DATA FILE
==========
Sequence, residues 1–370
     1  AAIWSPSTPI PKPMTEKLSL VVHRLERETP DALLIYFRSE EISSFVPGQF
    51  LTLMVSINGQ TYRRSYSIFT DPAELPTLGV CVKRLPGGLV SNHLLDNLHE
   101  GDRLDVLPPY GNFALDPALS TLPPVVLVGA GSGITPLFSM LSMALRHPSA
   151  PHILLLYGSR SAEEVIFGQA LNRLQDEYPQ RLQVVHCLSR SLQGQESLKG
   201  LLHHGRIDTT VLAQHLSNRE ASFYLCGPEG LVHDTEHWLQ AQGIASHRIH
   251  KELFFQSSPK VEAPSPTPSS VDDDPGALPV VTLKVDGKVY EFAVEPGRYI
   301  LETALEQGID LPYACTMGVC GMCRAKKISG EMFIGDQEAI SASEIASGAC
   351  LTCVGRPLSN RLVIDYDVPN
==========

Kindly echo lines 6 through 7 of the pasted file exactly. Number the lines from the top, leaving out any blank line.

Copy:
   201  LLHHGRIDTT VLAQHLSNRE ASFYLCGPEG LVHDTEHWLQ AQGIASHRIH
   251  KELFFQSSPK VEAPSPTPSS VDDDPGALPV VTLKVDGKVY EFAVEPGRYI